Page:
- Dr. Anthony Fauci appeared on CNN's "State of the Union" Sunday to discuss his experience with receiving the first dose of Moderna's coronavirus vaccine.
- Fauci said that he experienced few side effects from the dose, other than a "little bit of an ache in my arm that lasted maybe 24 hours."
- He also expressed concern that we may see a compounded number of cases in the coming weeks due to a "post-seasonal surge," noting that even if the government advises people not to travel, "it's going to happen."
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Dr. Anthony Fauci told "State of the Union" on Sunday that he experienced few side effects after taking Moderna's COVID-19 vaccine last week.
Speaking to CNN's Dana Bash, Fauci, the director of the National Institute of Allergy and Infectious Diseases said: "The only thing I had was six to ten hours following the vaccine I felt a little bit of an ache in my arm that lasted maybe 24 hours, a little bit more. Then went away and completely other than that I felt no other deleterious types of effects."
"It was really quite good. It was really as good or better than an influenza vaccine," he continued.
Fauci, 80, said that the side effects were "nothing serious at all," but added that when he receives the second vaccine booster shot in a few weeks, "I might feel a little bit achy because the immune system will be revving up even more."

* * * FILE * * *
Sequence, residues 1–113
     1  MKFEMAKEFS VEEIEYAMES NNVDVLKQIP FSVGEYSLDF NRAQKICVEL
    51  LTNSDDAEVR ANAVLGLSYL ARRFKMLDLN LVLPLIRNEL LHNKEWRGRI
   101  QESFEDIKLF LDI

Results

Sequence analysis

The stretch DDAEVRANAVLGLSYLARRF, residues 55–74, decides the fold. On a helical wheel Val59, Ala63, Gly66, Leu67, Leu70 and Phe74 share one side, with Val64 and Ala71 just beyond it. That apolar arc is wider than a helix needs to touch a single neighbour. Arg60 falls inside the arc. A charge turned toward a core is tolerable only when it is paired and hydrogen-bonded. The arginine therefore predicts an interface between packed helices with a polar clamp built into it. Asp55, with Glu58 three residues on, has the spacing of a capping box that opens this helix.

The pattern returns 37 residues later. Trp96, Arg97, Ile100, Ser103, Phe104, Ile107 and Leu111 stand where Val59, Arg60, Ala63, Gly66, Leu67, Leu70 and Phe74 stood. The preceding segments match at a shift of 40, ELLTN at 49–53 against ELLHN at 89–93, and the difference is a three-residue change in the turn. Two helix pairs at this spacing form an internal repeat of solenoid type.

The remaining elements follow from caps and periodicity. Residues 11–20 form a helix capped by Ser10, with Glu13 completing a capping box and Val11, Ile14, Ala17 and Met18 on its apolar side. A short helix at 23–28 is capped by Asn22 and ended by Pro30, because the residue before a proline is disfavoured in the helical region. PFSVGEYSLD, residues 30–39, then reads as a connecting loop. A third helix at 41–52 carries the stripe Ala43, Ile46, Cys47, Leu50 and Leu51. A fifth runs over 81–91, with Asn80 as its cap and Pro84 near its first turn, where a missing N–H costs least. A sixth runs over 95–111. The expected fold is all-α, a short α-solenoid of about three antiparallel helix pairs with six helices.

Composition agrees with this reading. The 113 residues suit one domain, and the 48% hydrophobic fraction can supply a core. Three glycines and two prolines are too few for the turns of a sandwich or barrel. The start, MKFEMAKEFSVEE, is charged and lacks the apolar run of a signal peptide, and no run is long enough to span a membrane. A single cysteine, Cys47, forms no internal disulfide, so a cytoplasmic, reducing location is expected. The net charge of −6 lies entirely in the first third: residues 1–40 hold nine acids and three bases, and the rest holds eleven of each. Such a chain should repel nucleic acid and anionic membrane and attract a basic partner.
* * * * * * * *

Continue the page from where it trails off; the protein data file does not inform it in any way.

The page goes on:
So far, around 9.5 million doses of the vaccine have been distributed in the US, and around 1.9 million Americans have received their first doses of either the Pfizer BioNTech vaccine or the Moderna vaccine.
Few side effects have been reported. A geriatric oncologist at Boston Medical College said he felt dizzy and had an allergic reaction minutes after receiving the Moderna vaccine, though it's not clear yet if the vaccine itself was the cause of the allergic reaction.
The CDC recommends that anyone with a history of anaphylactic shock to things like shellfish or other allergies should wait at least fifteen minutes before leaving a vaccination appointment.
The Moderna vaccine has also been shown to cause an allergic reaction in some people who have had facial fillers and injectables.
"Your immune system, which causes inflammation, is revved up when you get a vaccine. That's how it's supposed to work. So it makes sense that you would see an immune response in certain areas where they see some substance that is not a naturally occurring substance in your body," Dr. Shirley Chi told ABC13.
During his Sunday morning appearance, Fauci also warned that the US might see an additional surge of cases after the holidays, which could put an additional burden on the health system.
"If you put more pressure on the system by what might be a post-seasonal surge, because of the traveling and the likely congregating of people for the good warm purposes of being together for the holidays, it's very tough for people not to do that," he said. "And even though we advise not to, it's going to happen."
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